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Neoplasia. 2001 May-Jun;3(3):215-26.

The protrusive phase and full development of integrin-dependent adhesions in colon epithelial cells require FAK- and ERK-mediated actin spike formation: deregulation in cancer cells.

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Beatson Institute for Cancer Research, CRC Beatson Laboratories, Garscube Estate, Switchback Road, Bearsden, Glasgow G61 1BD, UK.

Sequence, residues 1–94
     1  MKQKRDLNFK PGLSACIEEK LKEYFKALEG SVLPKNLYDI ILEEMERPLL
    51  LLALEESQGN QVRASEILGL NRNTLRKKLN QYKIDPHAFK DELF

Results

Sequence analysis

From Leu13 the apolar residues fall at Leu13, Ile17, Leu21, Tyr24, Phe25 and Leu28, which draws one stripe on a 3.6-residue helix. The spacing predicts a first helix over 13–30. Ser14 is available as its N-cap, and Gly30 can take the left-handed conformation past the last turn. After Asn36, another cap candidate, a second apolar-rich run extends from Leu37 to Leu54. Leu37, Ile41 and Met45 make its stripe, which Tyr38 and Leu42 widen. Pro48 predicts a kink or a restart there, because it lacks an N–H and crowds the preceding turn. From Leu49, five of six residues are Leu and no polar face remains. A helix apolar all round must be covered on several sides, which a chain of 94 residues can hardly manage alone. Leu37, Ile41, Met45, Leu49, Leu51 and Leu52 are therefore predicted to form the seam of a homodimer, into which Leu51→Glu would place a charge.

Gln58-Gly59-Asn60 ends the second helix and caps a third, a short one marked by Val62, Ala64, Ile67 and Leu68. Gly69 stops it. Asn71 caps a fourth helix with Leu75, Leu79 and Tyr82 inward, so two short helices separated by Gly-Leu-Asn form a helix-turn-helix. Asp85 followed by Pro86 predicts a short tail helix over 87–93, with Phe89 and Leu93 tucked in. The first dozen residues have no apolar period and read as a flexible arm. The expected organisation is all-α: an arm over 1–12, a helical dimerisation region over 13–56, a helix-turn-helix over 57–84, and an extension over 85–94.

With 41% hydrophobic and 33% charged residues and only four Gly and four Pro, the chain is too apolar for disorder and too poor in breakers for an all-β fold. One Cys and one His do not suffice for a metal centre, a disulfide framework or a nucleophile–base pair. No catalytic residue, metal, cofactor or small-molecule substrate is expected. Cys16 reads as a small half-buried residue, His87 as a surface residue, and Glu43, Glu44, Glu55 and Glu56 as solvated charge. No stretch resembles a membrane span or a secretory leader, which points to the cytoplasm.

Integrins play an important role in tumour progression by influencing cellular responses and matrix-dependent adhesion. However, the regulation of matrix-dependent adhesion assembly in epithelial cells is poorly understood. We have investigated the integrin and signalling requirements of cell-matrix adhesion assembly in colon carcinoma cells after plating on fibronectin. Adhesion assembly in these, and in the adenoma cells from which they were derived, was largely dependent on alpha v beta 6 integrin and required phosphorylation of FAK on tyrosine-397. The rate of fibronectin-induced adhesion assembly and the expression of both alpha v beta 6 integrin and FAK were increased during the adenoma-to-carcinoma transition. The matrix-dependent adhesion assembly process, particularly the final stages of complex protrusion that is required for optimal cell spreading, required the activity of extracellular signal-regulated kinase (ERK). Furthermore, phosphorylated ERK was targeted to newly forming cell--matrix adhesions in the carcinoma cells but not the adenoma cells, and inhibition of FAK--tyrosine-397 phosphorylation or MEK suppressed the appearance of phosphorylated ERK at peripheral sites. In addition, inhibition of MEK--ERK activation blocked the formation of peripheral actin microspikes that were necessary for the protrusive phase of cell-matrix adhesion assembly. Thus, MEK--ERK--dependent peripheral actin re-organization is required for the full development of integrin-induced adhesions and this pathway is stimulated in an in vitro model of colon cancer progression.

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